In the big picture, Knight and his chemicalized tribe mirror the very same malaise in mainstream Key West, and in the city’s tourists, in the main.

        As I have written here (the blue paper) before in comments on this incident, booze is mother’s milk in Key West. Without booze, Key West’s economy would sink to the bottom of the sea. As I also have written here, Naja and Arnaud have told me a number of times, that just about everyone they know uses drugs, and they did not mean booze.

        The non-homeless in Key West, local and visitor, mostly drink/drug inside, in their vehicles, at their and friends’ homes, in lodging places and they pass out and sleep inside. Otherwise, they are no different from the one human family homeless drunk tribe :-).

        Yet, the non-homeless drunks-druggers are not viewed as public nuisances, even though when they get into or onto their vehicles and drive, they are public menaces. Compared to them drunk-drug driving their vehicles, Kristopher Knight and his drunk-drug homeless tribe are saints. Yet they are criminalized in Key West, not because they are drunk-drugged, but because they are homeless.

        I have long felt, and have written here and elsewhere, that KWPD should do random drug screens on its officers and staff, all the way to the very top: Chief Lee. Of all people, police should not be under the influence when they are on duty. Under the influence of booze, other drugs, steroids, performance enhancing drugs, and doctor-prescribed narcotics, such as, say, Xanax, Oxy, Valium, etc.

        It’s the massive drug usage in Key West, Kristopher Knight and his tribe mirror back to Key West. Not that I think there is anything that can be done about it, but that is what is at the root of what Knight experienced with KWPD.

        Key West is costing the Sheriff, thus the COUNTY taxpayers, a lot of money. by having its police use the Sheriff’s jail as the city’s alternative homeless shelter and drunk tank. Key West believe it has every right to do that to the Sheriff and the COUNTY taxpayers. I disagree, and I know plenty of people living outside of Key West and some of the county commissioners and the Sheriff also disagree.

        The city needs to build and operate its own drunk tank. For its homeless and non-homeless drunks-druggers, local and visitor. That’s what I see Kristopher Knight’s case is really about. That, and Key West is addicts paradise, unless you are homeless.

  3. We have requested the file associated with the Professional Standards investigation. Will have more details once those are provided.

  4. Naja you seriously should run for Mayor next term. You know how to uncover everything they try to hide. And am sure you will get this to the finish. Keep up the great work.

  5. Should we perhaps look at this from a safety side. Clearly Knight was either on drugs or drunk. So now in the interest of Knights safety regardless of the trespass charge should he been allowed to walk to such a busy street as Roosevelt ? A proper charge would been public intoxication. But that is normal on Duval st so maybe hard to after.

    Did I miss the video of the cop walking up behind Knight telling him to stop ? Or was this another I forgot to turn the cam on.

    • Jim,

      RE: “Perhaps we should look at this from the safety side”.

      Excellent point! That is exactly what these officers set out to do…taking into account not only “public safety” but the “safety” of Mr. Knight. That Officer Chaustit may have “lost his cool” is but a minor side issue. These incidents can escalate in a heartbeat…and often do: In my view, we went from “level 1” on this “threat matrix” to “level 3”. Remember…expletives (implied threats) were yelled by Mr. Knight, requiring a corresponding action(s): This guy had NOT been frisked…the officers had no idea if he might have been armed. Owing to his actions, they had no idea as to what he may have intended to do. That is why he was restrained…from harming others or himself.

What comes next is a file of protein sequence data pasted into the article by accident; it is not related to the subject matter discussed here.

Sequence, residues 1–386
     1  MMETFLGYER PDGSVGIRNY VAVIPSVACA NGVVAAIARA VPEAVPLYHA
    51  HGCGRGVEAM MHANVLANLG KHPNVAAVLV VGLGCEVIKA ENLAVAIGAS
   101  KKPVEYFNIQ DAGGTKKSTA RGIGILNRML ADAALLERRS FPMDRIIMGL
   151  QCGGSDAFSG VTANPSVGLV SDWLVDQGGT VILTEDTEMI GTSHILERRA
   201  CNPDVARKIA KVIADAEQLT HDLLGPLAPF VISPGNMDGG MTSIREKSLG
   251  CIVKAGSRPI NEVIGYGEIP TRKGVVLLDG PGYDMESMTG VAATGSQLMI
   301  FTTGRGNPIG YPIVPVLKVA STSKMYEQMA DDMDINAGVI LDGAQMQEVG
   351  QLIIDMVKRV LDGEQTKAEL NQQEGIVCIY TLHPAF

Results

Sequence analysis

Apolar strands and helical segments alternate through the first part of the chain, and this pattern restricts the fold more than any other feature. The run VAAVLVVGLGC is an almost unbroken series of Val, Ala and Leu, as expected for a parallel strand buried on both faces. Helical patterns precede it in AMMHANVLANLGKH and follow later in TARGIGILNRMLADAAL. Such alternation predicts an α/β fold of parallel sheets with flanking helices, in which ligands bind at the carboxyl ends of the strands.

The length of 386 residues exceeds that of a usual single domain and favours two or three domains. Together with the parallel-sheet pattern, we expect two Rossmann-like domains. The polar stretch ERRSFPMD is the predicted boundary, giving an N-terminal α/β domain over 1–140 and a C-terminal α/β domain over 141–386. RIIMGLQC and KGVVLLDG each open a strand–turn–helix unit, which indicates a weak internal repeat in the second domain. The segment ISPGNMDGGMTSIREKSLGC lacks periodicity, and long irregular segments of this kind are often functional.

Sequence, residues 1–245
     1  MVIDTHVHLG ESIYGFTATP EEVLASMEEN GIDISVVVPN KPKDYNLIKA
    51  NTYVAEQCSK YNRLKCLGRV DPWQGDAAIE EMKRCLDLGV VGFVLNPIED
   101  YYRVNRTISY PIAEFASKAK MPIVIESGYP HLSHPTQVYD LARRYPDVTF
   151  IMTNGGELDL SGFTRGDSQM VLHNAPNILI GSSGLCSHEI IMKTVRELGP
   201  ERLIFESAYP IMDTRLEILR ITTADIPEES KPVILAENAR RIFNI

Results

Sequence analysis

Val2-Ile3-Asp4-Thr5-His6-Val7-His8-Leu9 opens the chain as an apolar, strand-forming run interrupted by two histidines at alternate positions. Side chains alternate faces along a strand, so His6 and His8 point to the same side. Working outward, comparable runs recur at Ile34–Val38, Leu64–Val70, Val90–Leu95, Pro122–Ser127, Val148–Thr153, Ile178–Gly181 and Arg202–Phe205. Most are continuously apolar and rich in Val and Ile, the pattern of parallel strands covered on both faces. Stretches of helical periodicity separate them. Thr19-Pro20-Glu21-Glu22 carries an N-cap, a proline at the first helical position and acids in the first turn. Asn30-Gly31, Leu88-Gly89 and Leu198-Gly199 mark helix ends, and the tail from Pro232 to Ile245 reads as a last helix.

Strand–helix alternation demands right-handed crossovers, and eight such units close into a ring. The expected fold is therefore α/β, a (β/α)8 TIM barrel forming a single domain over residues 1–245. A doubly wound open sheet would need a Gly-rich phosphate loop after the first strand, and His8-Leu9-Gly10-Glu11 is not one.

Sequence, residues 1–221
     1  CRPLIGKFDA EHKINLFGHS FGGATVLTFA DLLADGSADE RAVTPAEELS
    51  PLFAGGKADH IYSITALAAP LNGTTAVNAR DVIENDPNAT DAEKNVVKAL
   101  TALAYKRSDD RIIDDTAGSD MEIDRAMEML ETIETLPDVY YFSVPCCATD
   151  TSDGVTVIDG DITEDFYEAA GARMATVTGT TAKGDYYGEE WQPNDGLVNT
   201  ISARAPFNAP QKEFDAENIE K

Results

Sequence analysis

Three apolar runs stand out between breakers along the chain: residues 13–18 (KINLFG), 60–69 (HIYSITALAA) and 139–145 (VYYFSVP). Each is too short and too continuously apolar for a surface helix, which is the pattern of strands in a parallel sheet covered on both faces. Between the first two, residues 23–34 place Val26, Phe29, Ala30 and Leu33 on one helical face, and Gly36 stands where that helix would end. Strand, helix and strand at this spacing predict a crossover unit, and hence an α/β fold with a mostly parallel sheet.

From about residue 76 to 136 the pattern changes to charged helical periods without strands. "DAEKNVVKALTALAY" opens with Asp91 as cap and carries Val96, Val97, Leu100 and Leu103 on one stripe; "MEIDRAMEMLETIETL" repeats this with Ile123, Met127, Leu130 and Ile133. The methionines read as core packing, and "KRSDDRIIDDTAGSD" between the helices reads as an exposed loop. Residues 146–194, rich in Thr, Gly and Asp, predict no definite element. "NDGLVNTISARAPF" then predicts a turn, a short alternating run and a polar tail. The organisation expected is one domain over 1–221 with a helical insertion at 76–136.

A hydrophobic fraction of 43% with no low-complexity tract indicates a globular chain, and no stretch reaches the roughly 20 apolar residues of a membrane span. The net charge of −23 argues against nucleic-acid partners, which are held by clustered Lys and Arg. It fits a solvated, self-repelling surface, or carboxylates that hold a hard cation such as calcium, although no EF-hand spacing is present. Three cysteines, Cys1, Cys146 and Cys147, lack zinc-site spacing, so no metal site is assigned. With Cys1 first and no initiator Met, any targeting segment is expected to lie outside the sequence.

Yes, he could have ben charged with public intoxication. That would have had NO effect on the process of arresting him, though.

      As for the officers being required to announce “STOP! POLICE!” is concerned…you’re all wet: The very reason Mr. Knight was moving at all was due to the fact that he acknowledged the presence and authority of the police.

      Dickford

  6. Why Chaustit not in jail like other armed assaulteres last week??? KWPD professional standards dont exist.

  7. These officers should be charged for pre-meditated assault. In the video you witness a police officer initially doing his job but quickly going overboard. The man is ordered to leave the area and complies with the request. Knight curses the officers and then is violently assaulted and charged with trespassing and disorderly conduct. So how is it possible to trespass when you comply with the officer’s instructions? And what was disorderly? Sleeping on the sidewalk or was it his foul language? Knight was initially released from custody so it must have been the language, but as you see in the video, the officer cursed the man first, and we both know that cursing an officer is not an illegal act. Furthermore the officers knew that they wanted to beat him up and did not want any video evidence, so they intentionally turned off their body cameras. That shows premeditation and intent. Furthermore the charges were bogus and filed only to protect the officers actions. No where did the young man resist.
    I am sending a letter to the States attorney to ask that he prefer charges against the police. I don’t have hight hopes of justice but lets see what Mr. Ward does. Anywhere else those officers would be at the least fired. I know that there has to be honest police officers on that department who are tired of this behavior, but I’m sure that if they speak out they fear the consequences.